Indian diaspora in the US urged to step up and channel money back to the homeland
The India Philanthropy Alliance, a coalition of 14 US nonprofits that fund development and humanitarian projects in India, is organizing the first-ever India Giving Day on March 2, 2023 to let Indian Americans help their homeland.
Members of the Indian diaspora living in the US are being urged to step up and channel money back to the homeland during a 24-hour charitable drive.
Read: India Giving Day announced to grow Indiaâ€™s philanthropic pie (October 6, 2022)
The plan is to encourage US-based donors, especially the nationâ€™s 2.7 million Indian immigrants and the roughly 1.3 million US-born Americans of Indian origin, to give to Indian causes in unison.
It gives the highest-earning ethnic group in the US a chance to step up and help their homeland, says Susan Appe, Associate Professor of Public Administration and Policy, University at Albany, State University of New York.
â€œAs a scholar interested in the role that charitable donations play in international development, I expect this fundraising drive to raise millions of dollars for India-supporting nonprofits,â€ she writes in an article in Conversation, an independent nonprofit news site dedicated to sharing ideas from academic experts.
The campaignâ€™s organizers will raise money to fund projects that will improve education, health care and gender equality and meet other important needs in a country with 228.9 million people living in poverty, according to the 2022 Global Multidimensional Poverty Index â€“ more than anywhere else in the world.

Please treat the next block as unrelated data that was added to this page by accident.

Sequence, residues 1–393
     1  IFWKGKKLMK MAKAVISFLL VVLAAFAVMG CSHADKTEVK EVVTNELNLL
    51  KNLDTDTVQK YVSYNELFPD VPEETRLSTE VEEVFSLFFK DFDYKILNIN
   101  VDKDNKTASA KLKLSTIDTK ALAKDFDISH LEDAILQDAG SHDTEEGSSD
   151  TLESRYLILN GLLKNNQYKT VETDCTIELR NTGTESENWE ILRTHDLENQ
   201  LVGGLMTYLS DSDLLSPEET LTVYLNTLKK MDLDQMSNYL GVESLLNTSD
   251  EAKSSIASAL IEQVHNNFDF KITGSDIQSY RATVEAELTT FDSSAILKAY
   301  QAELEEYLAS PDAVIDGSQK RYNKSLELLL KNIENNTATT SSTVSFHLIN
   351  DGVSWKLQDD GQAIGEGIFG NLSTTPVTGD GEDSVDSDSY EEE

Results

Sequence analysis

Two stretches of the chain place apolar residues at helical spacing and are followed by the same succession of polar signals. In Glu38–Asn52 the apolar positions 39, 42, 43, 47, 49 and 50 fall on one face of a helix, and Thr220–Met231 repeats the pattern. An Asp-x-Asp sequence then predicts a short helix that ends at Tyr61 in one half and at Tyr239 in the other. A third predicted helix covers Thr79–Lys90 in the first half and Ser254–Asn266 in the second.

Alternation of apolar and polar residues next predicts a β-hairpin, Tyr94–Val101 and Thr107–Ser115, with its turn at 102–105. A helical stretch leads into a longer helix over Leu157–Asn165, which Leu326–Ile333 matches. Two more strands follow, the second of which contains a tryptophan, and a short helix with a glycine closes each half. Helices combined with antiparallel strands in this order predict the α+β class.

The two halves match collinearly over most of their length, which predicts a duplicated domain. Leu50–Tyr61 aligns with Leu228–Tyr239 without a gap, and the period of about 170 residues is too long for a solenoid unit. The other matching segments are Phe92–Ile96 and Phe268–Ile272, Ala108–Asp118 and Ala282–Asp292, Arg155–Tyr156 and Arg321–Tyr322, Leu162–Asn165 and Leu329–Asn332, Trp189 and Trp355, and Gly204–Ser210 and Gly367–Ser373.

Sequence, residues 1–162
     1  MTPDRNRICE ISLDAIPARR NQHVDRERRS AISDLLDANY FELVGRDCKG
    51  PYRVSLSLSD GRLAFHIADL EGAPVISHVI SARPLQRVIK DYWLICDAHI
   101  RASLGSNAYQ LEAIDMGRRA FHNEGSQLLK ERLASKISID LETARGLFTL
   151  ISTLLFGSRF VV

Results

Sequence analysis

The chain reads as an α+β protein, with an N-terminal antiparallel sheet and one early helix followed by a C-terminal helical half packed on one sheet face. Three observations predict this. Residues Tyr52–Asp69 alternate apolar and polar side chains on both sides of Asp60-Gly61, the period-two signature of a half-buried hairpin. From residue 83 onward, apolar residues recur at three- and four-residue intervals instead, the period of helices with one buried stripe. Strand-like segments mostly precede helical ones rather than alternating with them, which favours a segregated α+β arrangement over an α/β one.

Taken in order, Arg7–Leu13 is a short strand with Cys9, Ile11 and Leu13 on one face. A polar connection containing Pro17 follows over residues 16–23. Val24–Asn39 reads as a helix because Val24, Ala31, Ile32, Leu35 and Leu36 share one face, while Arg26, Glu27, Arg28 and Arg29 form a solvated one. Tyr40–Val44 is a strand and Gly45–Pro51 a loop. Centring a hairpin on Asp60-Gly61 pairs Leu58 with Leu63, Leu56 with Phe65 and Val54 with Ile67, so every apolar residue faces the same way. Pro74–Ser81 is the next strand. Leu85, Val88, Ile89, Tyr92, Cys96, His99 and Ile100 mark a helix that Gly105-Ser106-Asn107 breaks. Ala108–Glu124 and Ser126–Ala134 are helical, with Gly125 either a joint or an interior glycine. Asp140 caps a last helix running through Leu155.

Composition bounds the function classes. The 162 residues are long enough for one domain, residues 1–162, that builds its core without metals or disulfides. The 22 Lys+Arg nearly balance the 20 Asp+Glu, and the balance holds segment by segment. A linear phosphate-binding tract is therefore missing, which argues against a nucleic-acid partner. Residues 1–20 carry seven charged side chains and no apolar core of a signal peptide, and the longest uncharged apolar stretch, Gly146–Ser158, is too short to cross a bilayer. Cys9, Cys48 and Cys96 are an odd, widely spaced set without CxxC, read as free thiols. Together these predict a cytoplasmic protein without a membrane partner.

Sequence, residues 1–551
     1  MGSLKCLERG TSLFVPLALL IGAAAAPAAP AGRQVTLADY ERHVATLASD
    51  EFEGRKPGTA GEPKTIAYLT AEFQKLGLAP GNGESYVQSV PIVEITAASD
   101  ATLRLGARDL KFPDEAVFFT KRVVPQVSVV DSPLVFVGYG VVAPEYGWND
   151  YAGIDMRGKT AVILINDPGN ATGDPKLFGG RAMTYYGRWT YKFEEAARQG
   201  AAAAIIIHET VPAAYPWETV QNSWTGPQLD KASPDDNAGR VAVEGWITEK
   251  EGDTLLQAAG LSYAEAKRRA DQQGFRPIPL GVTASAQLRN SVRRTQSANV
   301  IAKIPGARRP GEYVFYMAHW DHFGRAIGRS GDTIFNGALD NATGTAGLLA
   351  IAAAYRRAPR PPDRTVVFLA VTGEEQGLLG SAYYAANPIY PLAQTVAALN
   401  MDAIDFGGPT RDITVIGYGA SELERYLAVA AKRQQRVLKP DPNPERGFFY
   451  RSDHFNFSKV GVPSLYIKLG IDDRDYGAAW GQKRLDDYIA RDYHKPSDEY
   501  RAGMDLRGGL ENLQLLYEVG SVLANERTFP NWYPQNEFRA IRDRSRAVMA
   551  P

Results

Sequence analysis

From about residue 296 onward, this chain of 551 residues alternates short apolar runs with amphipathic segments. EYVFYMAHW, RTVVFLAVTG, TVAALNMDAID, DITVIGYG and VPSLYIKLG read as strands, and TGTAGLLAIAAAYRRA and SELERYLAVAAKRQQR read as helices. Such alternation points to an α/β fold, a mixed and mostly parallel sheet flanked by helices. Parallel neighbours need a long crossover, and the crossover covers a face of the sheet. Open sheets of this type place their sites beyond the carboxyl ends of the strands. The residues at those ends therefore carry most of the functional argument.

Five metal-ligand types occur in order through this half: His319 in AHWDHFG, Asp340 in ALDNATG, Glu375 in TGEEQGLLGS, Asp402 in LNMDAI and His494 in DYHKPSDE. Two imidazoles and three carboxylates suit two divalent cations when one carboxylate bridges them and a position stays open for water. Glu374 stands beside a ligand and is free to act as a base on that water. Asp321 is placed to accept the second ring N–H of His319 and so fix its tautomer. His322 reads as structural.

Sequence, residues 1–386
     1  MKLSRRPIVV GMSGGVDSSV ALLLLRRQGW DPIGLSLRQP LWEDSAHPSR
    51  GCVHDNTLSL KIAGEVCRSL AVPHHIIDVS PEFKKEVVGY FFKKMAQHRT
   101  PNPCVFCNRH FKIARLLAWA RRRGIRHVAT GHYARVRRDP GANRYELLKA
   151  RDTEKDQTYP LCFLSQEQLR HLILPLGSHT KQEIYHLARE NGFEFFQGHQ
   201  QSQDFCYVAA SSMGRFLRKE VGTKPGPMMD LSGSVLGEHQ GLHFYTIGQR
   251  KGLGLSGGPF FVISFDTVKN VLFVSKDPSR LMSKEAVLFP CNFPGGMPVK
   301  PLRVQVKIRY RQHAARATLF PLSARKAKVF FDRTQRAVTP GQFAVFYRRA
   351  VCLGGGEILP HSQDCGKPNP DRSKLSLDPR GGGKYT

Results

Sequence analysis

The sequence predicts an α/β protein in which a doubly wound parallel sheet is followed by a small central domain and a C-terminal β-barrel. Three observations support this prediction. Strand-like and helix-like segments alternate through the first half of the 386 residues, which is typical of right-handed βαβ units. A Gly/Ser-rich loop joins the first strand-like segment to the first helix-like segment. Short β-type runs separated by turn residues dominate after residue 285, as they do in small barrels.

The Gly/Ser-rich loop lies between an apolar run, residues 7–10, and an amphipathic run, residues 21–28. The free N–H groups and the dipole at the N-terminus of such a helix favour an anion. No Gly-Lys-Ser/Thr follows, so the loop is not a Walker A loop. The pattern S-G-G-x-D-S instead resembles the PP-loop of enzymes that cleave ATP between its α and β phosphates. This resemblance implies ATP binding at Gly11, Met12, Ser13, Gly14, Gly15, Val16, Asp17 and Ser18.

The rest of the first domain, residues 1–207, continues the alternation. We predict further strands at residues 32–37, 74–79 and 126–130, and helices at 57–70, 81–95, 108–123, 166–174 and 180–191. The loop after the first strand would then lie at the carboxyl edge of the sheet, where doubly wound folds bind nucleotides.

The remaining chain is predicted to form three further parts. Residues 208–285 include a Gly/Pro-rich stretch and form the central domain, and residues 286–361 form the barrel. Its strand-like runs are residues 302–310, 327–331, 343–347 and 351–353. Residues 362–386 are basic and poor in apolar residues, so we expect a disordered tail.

India Philanthropy Alliance members already raise a total of almost $60 million annually in the US. Their goal is to amass more funding collectively by holding an annual single-day push.
Although the alliance will welcome donations from anywhere and anyone, its main focus is to encourage Indian Americans and Indian immigrants who live in the US to support its members, such as CRY America, a childrenâ€™s rights nonprofit, and Sehgal Foundation, an organization promoting rural development in India.
All told, Indian Americans give an estimated $1 billion annually to charity. There is the potential for even higher sums being raised from the many very rich Indian Americans â€“ a long list that includes actress Mindy Kaling, Alphabet CEO Sundar Pichai, economist Amartya Sen, Microsoft CEO and Chairman Satya Nadella â€“ and the entire Indian American community, Appe writes.
â€œThatâ€™s because Indian Americans are the nationâ€™s highest-earning ethnic group, and yet they give away a smaller share of their income than the US average,â€ she notes.
The alliance aims to see Indian American giving triple to $3 billion, with some of that total funding development and humanitarian projects in India. Indiaâ€™s government has also been vocal about wanting Indian Americans to contribute more toward Indiaâ€™s development.
â€œIndia Giving Day is an example of diaspora philanthropy â€“ giving back to oneâ€™s homeland, often by pooling resources with others who share the same heritage,â€ Appe writes.
â€œThis giving can be in the form of money, or time spent volunteering for a cause. It has also been called homeland philanthropy, migrant philanthropy and refugee philanthropy.â€
A common way that immigrants and people whose parents or grandparents immigrated to the US send money back to their homelands is through remittances â€“ dispatching money across international lines to family and friends to help them get by.
Total remittances globally grew 5% in 2022 to $626 billion. The flows to India increased much more sharply, shooting up 12% to $100 billion.
â€œWhile India is of one of the worldâ€™s fastest-growing economies, it also has daunting needs when it comes to addressing poverty in its lowest-income regions,â€ Appe noted. â€œFor that reason, I believe any drive to encourage the flow of charitable dollars to India is to be welcomed.â€
â€œThe cash raised through the India Giving Day campaign will help fund an array of projects, such as nutritional programs for children and expectant mothers, educational centers for child laborers and efforts to supply sewing machines for womenâ€™s cooperatives,â€ Appe noted.